On-track tips. When I'm coaching a driver, I tend to go out and do a few laps to sort of set a baseline lap for data and lap time to work off during the day. I want to touch on a few things I see specifically with the driving techniques of club racers vs. my style (now this isn't to say you do or don't fall into any of these categories, but I see these tendencies quite often):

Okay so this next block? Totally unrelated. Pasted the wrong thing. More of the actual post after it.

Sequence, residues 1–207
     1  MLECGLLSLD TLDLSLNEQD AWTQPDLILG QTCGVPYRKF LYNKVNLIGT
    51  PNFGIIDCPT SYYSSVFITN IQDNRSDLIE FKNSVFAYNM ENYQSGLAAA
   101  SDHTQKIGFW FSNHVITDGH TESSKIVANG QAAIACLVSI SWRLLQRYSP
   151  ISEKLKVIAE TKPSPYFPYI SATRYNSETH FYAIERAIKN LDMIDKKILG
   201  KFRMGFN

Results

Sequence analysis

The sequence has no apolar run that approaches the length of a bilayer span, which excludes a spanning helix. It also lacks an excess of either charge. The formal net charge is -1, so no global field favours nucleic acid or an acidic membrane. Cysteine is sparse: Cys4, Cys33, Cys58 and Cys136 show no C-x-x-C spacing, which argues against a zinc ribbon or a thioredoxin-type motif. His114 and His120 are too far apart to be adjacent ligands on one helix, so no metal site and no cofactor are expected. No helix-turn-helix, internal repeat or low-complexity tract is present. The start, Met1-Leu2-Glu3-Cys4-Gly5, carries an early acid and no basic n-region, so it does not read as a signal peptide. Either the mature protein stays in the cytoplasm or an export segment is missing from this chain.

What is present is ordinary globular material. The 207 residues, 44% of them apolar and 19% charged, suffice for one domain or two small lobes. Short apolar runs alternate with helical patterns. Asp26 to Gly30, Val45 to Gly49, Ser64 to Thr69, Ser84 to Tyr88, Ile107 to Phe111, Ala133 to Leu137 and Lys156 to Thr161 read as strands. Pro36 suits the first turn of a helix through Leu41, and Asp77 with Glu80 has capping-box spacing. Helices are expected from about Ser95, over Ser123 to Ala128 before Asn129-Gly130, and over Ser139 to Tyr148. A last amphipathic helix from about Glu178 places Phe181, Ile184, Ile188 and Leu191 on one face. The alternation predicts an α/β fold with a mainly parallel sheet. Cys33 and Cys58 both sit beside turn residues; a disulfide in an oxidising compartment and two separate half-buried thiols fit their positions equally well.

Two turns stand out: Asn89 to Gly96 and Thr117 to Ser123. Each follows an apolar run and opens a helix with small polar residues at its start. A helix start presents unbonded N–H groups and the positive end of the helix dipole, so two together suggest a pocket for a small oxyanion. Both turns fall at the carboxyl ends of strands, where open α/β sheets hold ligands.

• The classic carry-too-much-minimum-speed driver. This driver will brake fairly late (which is good), but then quickly release the brakes and rolls a lot of "min" speed through the corner, thus delaying the point of acceleration dramatically. If he compounds this program by a quick brake release (that "popping off" the brake pedal), it sets him up for a big understeer all the way to the apex. I see this more times than not, compared to my driving technique. I always use this example: Would you rather be 3 MPH quicker in the center of the corner (for maybe 30 feet) or would you rather be 2 to 3 MPH quicker down the entire straightaway from corner exit to the next corner entry? Sure, there's a balance here, but most of the time I am rolling a bit less min speed, and getting back to the throttle pedal SO much earlier, that I carry a lot more MPH down the straightaway. Then I come in and the driver I'm coaching says to me, "You went 2 seconds quicker than I have ever gone. There is NO way I can go 2 seconds faster." Which is probably true! They would slide off the race track carrying more min speed - but that isn't how I am making up lap time on them. Sebastian Vettel could not carry enough min corner speed to make up for the fact they get to the gas pedal 100 feet later than I do. I carry so much more "free" straight-line speed by getting to the throttle pedal sooner! Yes, you get to the point eventually in your driving career where carrying a bit more min speed is important, but we are talking the nitty-gritty stuff, here.